HARDIN COUNTY, Tenn. (WKRN) — In the last couple weeks, hospitals across the country started seeing the highest number of COVID-19 patients since the pandemic started and they’re expecting it to get much worse this weekend with a surge from the Thanksgiving holiday.
“It definitely worries me… I believe Friday, Saturday, we’re gonna really start to see some jumps,” Hardin Medical Center CEO Nicholas Lewis told News 2.
Rural hospitals like HMC are facing the biggest struggle, many of them calling medical centers in other counties and even states to help with their patients.
“Over the last few weeks we’re actually, there have been disproportionately more COVID patients per capita in the rural areas,” Dr. Eric Greenfield, who serves as the regional medical director of four rural hospitals with Ascension St. Thomas.
As of Wednesday, the state only had eight percent of its intensive care unit beds available, with 164 beds open out of more than 2,000.
“There’s been a huge influx of patients and they’re sicker than we typically have,” Greenfield explained.
Rural hospitals don’t have the advanced specialists, technology, or staffing to treat a high volume of sick patients. At HMC, Lewis has had more and more staff call out this week with concerns they had either been exposed to COVID-19 or have tested positive for the virus.
“There’s a scarce resource in the market and that scarce resource happens to be clinical people– your nurses, your physicians, respiratory therapist, all those– there’s a very limited pool and everybody is trying to pull from that pool,” Lewis said.
“More complicated patients that might need intensive care or cardiology or pulmonary, direct hands-on specialty care, we don’t have that so we have to transfer them, and that’s been a real problem because the receiving hospitals, the urban hospitals…. have been at or exceeding capacity,” Greenfield added.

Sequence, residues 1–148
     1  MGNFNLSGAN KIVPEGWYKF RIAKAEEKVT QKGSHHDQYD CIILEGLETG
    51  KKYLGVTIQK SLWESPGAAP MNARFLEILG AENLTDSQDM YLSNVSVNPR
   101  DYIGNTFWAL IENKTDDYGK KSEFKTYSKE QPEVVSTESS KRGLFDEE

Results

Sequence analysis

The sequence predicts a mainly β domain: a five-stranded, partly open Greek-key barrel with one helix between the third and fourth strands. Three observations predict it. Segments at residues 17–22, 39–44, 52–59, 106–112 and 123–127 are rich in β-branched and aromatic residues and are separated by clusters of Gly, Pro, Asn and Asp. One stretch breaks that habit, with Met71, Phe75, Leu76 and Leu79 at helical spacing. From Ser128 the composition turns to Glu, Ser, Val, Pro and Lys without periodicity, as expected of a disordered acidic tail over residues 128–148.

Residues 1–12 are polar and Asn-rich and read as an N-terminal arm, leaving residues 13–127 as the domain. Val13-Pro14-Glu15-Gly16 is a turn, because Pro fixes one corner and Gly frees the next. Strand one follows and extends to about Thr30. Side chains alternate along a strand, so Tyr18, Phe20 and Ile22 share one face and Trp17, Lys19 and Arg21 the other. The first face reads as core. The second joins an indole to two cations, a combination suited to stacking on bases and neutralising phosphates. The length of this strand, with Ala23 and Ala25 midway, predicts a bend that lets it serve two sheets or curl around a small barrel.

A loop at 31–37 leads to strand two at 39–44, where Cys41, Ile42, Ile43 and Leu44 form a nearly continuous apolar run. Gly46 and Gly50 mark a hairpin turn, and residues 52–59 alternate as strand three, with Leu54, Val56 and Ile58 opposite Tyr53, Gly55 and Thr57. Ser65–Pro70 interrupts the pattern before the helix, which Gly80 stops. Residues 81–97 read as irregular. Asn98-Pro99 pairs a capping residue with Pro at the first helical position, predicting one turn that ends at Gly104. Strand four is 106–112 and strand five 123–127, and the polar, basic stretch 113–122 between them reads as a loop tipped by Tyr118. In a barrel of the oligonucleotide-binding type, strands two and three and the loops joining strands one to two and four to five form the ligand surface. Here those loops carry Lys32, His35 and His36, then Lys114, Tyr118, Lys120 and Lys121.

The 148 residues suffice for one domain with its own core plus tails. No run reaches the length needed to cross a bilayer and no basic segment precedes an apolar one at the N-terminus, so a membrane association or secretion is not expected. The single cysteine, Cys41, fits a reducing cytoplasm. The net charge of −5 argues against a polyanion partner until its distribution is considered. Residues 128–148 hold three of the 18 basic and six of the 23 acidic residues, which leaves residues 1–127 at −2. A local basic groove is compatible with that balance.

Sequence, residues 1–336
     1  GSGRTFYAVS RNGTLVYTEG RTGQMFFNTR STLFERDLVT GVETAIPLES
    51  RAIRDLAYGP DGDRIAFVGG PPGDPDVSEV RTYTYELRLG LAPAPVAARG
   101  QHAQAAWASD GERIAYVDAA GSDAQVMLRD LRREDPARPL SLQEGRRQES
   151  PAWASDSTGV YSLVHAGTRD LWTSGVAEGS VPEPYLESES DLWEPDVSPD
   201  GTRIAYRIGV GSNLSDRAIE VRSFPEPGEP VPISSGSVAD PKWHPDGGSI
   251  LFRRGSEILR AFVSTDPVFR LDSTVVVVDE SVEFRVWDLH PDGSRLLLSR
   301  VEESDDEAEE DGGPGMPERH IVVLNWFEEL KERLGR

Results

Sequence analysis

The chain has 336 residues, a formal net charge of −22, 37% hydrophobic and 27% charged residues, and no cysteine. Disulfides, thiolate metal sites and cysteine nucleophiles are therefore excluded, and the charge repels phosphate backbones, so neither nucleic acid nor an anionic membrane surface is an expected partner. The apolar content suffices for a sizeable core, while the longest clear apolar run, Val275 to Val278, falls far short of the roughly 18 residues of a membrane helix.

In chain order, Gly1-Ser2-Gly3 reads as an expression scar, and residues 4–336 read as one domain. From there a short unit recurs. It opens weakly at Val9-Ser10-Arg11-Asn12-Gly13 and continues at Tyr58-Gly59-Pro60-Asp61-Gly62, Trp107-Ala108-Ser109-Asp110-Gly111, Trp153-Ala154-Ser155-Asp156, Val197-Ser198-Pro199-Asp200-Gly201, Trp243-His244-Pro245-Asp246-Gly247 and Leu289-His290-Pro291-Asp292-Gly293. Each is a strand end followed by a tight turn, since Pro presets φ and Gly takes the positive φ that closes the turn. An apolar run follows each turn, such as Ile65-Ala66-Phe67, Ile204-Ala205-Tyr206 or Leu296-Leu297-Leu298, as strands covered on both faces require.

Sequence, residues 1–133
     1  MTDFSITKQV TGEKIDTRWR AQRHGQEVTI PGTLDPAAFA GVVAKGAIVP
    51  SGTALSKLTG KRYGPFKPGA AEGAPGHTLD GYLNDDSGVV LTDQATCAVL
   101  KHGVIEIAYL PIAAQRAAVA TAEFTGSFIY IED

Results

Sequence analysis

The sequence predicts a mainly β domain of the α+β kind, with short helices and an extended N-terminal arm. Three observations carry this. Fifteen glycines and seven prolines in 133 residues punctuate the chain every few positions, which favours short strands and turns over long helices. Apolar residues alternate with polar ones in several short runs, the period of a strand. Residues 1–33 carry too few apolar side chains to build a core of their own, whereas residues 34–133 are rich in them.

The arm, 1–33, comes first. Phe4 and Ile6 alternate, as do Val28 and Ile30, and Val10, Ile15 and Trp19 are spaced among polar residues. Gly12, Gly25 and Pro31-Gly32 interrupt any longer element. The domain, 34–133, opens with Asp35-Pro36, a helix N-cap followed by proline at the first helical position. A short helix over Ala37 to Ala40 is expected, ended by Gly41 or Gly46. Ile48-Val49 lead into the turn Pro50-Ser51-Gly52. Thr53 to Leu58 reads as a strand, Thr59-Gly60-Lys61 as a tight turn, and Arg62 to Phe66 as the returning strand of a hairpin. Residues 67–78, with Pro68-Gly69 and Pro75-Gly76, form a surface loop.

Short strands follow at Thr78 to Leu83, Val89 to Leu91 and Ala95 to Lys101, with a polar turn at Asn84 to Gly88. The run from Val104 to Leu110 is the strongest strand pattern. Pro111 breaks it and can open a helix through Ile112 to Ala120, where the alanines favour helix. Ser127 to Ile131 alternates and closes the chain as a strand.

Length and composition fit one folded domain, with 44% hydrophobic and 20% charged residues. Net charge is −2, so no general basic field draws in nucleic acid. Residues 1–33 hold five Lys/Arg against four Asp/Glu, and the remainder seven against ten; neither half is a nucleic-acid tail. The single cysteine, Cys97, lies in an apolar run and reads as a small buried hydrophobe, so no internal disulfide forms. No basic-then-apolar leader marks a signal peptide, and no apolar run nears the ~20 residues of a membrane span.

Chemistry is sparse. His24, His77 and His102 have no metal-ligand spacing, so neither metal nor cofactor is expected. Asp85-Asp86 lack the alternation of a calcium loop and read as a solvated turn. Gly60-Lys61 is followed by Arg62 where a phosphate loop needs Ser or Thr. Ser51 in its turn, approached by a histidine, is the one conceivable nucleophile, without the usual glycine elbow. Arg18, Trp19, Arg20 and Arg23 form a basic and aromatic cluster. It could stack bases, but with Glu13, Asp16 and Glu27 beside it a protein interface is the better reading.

While Ascension St. Thomas has bigger hospitals they can refer patients to, Greenfield said they’re sending them to parts of the state they normally wouldn’t.
Vanderbilt University Medical Center in Nashville is one of the hospitals that will take these patients. A spokesperson tells News 2 they are receiving a steady increase of referrals right now.
“A good example is a physician had to call either 10 or 12 hospitals to find one to accept the transfer because they were at capacity, and that was at capacity either with rooms for patients, but more than likely staff,” Lewis exclaimed.
HMC is sending their worst COVID-19 patients as far as Mississippi.
“We send most of it to Jackson, to West Tennessee Health Care… but they have been at capacity,” Lewis said. “So then we have to look at transferring to Memphis or Nashville, now we have gone to Tupelo, Mississippi with it.”
Health professionals are calling on retired nurses and physicians to return to work around the country, but Lewis said that concerns him because these are likely older people in high-risk groups.
All of the doctors News 2 spoke with said the one thing that has proven to work and help keep rural hospitals afloat are face masks.
“It’s very, very scary, I just can’t over emphasize this,” Lewis said as he held up his mask.
If you live in a rural area and feel you need medical attention, doctors say don’t hesitate. You can still go to an emergency room to seek care.
COVID-19 in Tennessee
(This reflects what the TDH is reporting each day at 2 p.m. CST )
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